61.Some noted that there should be a way of concentrating parliamentary energy where it was most needed, so suggested a screening and scrutiny process for human rights concerns in international agreements. For example, Dr Sam Fowles said:

“Not all international agreements will impact on human rights to the same extent. Further, international agreements (particularly trade and investment agreements) are often highly complex and wide ranging, making adequate scrutiny by a whole house of parliament impractical. The JCHR can therefore play an important role in the scrutiny of international agreements in two ways:

Information supplied to Parliament

62.One challenge in undertaking both the sifting and scrutiny role is that much depends on the timing and quality of information supplied to Parliament by Government. Many submissions argued for better information to be provided to Parliament56 and indeed submissions often argued for increased transparency more generally.57 As noted above, the JCHR rarely receives Explanatory Memoranda on international agreements specifically addressing human rights compatibility or otherwise raising human rights concerns. This needs to be improved significantly if Parliament is to perform an adequate sifting and scrutiny role.

63.There have been different solutions proposed to address this gap in adequate, timely information being provided to Parliament. The Northern Ireland Human Rights Commission has argued for an obligation for a Minister to make a statement of compatibility in relation to proposed international agreements, similar to those required for primary legislation:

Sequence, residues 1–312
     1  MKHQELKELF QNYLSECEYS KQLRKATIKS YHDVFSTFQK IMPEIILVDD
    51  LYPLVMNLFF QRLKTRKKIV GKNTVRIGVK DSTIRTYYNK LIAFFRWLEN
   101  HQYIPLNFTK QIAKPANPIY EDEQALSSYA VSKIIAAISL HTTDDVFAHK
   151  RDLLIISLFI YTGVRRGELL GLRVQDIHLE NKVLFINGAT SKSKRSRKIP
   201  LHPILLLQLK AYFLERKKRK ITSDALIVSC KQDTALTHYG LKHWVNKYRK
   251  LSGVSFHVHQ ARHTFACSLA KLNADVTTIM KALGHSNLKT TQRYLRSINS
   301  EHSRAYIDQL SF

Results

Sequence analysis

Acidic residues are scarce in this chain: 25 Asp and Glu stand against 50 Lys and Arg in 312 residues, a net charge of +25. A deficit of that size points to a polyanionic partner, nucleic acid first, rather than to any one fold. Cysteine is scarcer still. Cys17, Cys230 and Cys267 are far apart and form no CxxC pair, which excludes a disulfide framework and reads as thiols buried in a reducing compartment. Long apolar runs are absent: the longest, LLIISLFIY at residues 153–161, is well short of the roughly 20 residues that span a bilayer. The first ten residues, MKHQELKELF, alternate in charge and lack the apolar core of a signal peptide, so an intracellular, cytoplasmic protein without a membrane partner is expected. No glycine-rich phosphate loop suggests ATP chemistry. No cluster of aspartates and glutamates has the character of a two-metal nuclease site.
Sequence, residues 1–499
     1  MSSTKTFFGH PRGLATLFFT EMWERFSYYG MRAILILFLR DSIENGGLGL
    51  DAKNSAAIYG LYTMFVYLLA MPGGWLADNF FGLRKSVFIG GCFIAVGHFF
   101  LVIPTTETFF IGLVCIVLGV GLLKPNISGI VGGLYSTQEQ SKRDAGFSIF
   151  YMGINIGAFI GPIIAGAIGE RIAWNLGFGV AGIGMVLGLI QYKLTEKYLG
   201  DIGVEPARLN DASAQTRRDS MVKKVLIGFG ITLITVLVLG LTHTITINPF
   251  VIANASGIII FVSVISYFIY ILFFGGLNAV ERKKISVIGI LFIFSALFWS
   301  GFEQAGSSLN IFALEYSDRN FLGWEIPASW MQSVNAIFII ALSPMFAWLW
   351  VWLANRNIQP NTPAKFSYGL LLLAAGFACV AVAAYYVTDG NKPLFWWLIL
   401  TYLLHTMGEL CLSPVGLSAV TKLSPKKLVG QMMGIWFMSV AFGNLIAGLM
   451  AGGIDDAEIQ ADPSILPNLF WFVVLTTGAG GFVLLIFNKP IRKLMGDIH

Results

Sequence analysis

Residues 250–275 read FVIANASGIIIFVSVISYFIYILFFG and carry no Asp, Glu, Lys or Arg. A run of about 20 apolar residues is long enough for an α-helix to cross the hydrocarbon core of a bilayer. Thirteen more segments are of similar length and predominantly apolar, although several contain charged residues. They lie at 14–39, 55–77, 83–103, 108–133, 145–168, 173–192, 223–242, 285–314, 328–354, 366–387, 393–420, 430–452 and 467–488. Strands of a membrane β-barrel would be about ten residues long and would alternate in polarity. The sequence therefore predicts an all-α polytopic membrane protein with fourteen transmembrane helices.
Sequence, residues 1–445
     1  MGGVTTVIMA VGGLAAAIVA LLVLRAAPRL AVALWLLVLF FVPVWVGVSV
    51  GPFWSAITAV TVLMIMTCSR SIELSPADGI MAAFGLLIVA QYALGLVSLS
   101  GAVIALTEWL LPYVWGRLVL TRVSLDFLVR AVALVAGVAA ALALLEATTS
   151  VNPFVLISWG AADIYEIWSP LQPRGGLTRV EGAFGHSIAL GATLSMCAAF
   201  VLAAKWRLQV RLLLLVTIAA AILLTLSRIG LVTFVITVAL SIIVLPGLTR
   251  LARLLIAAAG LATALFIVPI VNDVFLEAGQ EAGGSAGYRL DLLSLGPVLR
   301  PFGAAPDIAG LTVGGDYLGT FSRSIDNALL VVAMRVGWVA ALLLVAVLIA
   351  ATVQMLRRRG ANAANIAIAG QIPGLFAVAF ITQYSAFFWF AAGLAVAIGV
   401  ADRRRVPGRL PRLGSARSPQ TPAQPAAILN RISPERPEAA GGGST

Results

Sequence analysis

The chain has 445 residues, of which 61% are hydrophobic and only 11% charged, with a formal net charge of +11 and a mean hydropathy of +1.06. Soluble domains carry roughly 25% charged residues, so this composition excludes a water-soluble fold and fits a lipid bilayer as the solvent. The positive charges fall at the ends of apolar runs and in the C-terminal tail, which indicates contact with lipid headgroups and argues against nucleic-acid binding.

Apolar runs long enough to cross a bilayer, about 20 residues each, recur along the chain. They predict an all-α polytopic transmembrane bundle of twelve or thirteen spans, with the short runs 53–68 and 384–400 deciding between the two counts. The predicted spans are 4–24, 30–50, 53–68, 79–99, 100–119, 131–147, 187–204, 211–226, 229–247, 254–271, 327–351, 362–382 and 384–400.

“This requirement for a statement and accompanying analysis should go beyond a simple statement of compatibility to state the basis for such an assessment and any variance from international human rights standards and the rationale for any such variance. This would ensure that such a statement is meaningful and avoids becoming formulaic. This statement should also set out what mechanisms are in place to resolve disputes that arise within international agreements.”58

64.Moreover, the Northern Ireland Human Rights Commission has argued the case for requiring the Government to conduct human rights impact assessments of trade agreements post-Brexit:

“The OHCHR Guiding principles on human rights impact assessments provide clear guidance on what should be included in such an assessment. […] further elaboration is required as to the extent to which the UK Government will commit to conducting human rights impact assessments with respect to trade negotiations. The Commission suggests the Joint Committee seek clarity from Government as to the extent to which the proposed impact assessments will consider human rights compliance.”